I'm not sure how to share this without coming off as pedantic but here goes. Every now and then, a company trying to break into no-code will reach out to me asking for my advice.
How can we reach the no-code community?
No-code is a growing space with increased legitimacy making no-coder a great target audience, right? Not really. In my opinion, no-coders in general are a terrible initial target audience for a few reasons. Taking a page from Zoelle's playbook, let's talk about Jeff, a typical no-coder.
No-coders are moochers
Jeff has a ton of ideas! Jeff spends his weekends building the MVP for his next project. With no-code tools, it's easy. Stitch a few tools together (maybe even include yours in the mix?) and boom he's got a viable tool. Then comes the hard things: convincing people to give him money! Getting jobs for his job board without any users! Marketing!
Instead of doing those hard things (who wants to do hard things!?), Jeff thinks up another, potentially easier project. Every weekend is another opportunity of striking gold with an idea that doesn't require any of those hard things.
Unsurprisingly, Jeff doesn't want to pay for software that powers all of his duds so he's constantly skirting under the free plan. That doesn't stop Jeff from asking support teams a lot of questions!
Time isn't money
Jeff has a lot of time on his hands. Jeff loves spending that time discovering new tools, switching from one tool to another trying to find that perfect fit. He can fluently compare the advantage and disadvantages of three different competing no-code tools because he's tried them all!
As Jeff goes deeper and deeper into a tool—as he gets nearer to the paid tier—an itch develops: is this the right tool? Could I get more juice from another tool? That's when Jeff will start tweeting about "anyone know any alternatives to your tool"?
For most users, switching tools costs money, because time is money! Hell, insurance companies will charge you below what they expect you to cost them assuming that the three minutes it takes to switch providers isn't worth it to you! People are busy, they ain't got no time to shop their insurance every year!
That isn't the case for Jeff and his tools. Jeff loves switching tools. Jeff's got time.
Unfortunately, it's difficult to pay for servers with Jeff's time. So it's unsustainable for companies to cater to Jeff. Time is money for them too!
I am Jeff
I know I said Jeff is a fictional character, but I am Jeff. I could have written this post in the first person.
The amount of tools I've tried (on the free plan, always) is embarrassing. I will really try any tool out there.
And I don't like paying for them! I'm embarrassed to say this but I recorded most of the Essential Guide to Airtable on the free plan because I feared it was another side project that would never see the light of day, so why waste the money? I work there now--the ROI of that course was just...my god! How embarrassing is that?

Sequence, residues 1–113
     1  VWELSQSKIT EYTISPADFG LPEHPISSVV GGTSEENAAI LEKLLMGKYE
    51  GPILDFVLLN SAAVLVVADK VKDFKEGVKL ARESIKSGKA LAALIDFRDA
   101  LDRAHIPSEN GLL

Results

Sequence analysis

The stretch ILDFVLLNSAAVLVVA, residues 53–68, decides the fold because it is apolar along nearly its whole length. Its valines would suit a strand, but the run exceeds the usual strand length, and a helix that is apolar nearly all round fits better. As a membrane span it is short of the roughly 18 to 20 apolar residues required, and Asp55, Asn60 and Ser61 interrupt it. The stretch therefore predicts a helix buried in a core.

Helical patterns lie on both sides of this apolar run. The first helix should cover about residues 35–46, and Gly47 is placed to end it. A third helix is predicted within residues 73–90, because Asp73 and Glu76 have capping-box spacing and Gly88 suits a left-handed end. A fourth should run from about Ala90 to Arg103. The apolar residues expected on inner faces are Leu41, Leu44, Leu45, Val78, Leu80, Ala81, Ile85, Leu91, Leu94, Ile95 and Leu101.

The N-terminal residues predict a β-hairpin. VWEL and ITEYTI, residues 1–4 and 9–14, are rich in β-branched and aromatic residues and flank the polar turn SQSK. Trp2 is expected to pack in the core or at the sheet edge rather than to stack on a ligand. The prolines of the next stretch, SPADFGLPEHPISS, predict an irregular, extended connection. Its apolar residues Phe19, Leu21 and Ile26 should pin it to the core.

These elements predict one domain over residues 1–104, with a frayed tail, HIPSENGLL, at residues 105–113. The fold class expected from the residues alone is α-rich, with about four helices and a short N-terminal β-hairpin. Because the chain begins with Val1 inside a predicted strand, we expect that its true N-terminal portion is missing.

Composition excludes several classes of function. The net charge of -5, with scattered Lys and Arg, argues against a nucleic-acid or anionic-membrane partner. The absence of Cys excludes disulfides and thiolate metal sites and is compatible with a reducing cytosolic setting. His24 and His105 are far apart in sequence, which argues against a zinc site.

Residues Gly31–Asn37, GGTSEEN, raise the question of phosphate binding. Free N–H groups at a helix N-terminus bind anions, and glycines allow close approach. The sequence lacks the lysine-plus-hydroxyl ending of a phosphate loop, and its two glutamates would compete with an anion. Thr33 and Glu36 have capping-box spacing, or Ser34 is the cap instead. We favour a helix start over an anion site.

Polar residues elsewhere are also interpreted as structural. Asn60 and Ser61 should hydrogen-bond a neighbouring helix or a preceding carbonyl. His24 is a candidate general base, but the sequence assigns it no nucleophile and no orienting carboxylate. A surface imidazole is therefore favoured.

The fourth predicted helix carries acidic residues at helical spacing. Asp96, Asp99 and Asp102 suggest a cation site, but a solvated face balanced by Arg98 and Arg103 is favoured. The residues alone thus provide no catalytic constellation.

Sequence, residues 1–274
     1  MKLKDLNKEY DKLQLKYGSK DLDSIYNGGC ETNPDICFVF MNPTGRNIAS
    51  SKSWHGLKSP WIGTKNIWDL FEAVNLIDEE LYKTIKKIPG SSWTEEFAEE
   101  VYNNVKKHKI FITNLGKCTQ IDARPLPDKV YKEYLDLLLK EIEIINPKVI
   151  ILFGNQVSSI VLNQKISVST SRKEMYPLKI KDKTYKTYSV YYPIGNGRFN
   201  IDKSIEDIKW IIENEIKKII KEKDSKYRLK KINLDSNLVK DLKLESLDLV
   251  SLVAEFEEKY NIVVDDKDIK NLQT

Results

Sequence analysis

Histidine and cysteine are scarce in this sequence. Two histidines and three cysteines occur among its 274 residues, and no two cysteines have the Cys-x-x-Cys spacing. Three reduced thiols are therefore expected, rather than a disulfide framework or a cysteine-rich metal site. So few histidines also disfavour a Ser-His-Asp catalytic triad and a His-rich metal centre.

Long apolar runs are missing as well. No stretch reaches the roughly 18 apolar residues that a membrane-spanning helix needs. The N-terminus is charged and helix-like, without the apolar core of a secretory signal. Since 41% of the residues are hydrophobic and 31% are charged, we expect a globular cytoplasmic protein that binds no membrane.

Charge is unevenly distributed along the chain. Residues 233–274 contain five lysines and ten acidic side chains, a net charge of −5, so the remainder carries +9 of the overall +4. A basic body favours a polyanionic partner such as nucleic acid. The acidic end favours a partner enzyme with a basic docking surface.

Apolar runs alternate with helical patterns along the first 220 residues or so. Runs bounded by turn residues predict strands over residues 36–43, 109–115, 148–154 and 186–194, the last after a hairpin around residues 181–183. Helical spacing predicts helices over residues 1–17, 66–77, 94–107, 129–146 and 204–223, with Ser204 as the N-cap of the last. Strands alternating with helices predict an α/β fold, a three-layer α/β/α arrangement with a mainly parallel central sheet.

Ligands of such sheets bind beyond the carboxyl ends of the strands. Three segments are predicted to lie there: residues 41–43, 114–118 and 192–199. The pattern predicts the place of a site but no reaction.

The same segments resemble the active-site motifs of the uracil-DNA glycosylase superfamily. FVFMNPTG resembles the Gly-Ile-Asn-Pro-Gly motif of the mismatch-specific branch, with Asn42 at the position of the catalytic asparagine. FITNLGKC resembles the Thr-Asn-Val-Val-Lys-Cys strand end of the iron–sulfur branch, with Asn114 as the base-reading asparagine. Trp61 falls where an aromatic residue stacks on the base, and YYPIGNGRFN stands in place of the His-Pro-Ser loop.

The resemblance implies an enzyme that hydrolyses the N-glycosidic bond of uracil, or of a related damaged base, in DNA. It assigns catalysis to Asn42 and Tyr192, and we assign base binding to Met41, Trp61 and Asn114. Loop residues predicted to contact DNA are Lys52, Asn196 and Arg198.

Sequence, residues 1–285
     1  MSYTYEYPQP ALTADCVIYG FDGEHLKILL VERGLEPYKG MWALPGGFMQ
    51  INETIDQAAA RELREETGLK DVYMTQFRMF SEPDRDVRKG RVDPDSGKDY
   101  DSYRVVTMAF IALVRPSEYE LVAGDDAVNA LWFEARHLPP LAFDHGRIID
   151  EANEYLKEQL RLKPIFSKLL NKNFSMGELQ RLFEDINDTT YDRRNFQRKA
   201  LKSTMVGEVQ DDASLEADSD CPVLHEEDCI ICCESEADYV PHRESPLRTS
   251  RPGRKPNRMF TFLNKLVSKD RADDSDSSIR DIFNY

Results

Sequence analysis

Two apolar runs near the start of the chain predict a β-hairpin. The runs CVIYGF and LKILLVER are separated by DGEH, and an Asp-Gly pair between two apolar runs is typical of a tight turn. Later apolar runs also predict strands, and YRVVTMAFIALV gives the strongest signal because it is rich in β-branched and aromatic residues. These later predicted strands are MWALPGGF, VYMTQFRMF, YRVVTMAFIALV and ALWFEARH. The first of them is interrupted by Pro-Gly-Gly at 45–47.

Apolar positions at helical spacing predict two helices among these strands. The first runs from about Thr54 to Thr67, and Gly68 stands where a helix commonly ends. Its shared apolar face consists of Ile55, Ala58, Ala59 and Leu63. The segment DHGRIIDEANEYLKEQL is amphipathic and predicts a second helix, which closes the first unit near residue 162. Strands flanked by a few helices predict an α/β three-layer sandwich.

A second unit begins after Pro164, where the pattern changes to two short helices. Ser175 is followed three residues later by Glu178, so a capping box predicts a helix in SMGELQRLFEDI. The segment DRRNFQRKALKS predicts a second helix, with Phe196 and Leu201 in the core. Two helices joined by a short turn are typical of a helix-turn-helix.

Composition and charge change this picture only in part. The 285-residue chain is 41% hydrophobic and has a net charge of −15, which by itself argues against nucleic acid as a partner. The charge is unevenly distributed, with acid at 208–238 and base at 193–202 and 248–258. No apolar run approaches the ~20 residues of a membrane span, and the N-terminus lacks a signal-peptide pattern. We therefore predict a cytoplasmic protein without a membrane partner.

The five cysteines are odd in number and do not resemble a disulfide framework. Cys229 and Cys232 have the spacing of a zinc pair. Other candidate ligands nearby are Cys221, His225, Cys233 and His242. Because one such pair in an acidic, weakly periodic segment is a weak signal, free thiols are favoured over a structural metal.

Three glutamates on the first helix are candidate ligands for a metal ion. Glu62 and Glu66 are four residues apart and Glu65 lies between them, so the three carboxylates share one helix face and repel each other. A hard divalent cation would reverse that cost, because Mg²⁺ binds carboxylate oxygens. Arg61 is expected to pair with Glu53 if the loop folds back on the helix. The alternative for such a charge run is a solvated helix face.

So should companies just not cater to the no-code community?
No, no, no, that would be throwing out the baby with the bath water. There are so many reasons to make the no-code community of the many personas you incorporate into your marketing efforts.
The no-code community will push your product's boundaries like no other users. We're talking a bunch of folks who will dig deep into your product uncovering use cases you'd probably never thought of were possible with your tool!
Webflow may brand itself as a no-code website builder but Sarkis sees it as a way to build full fledged web based games!
Airtable, a relational database? Cool cool, but what if we used it as a referral marketing engine tool*.
In addition to pushing your product, no-coders are a great way to seed your community. They know every edge case of your product (because they've explored them all). Not only that but they love answering questions—especially if it gets them credits for your product (which keeps them learning more, answering more...)!
Like all good relationships, you gotta take the good and the bad. The bad of the no-code community is that you're not going to build a unicorn by catering to folks who don't want to pay for your product but that doesn't mean that you can't find a win-win situation where everything gets what they want.
So that's my advice: pitch us your product, we'll try it without hesitation and maybe, a few of us, will become advocates for it and become its champions. But just don't cater too much to us, we're kind of a pain.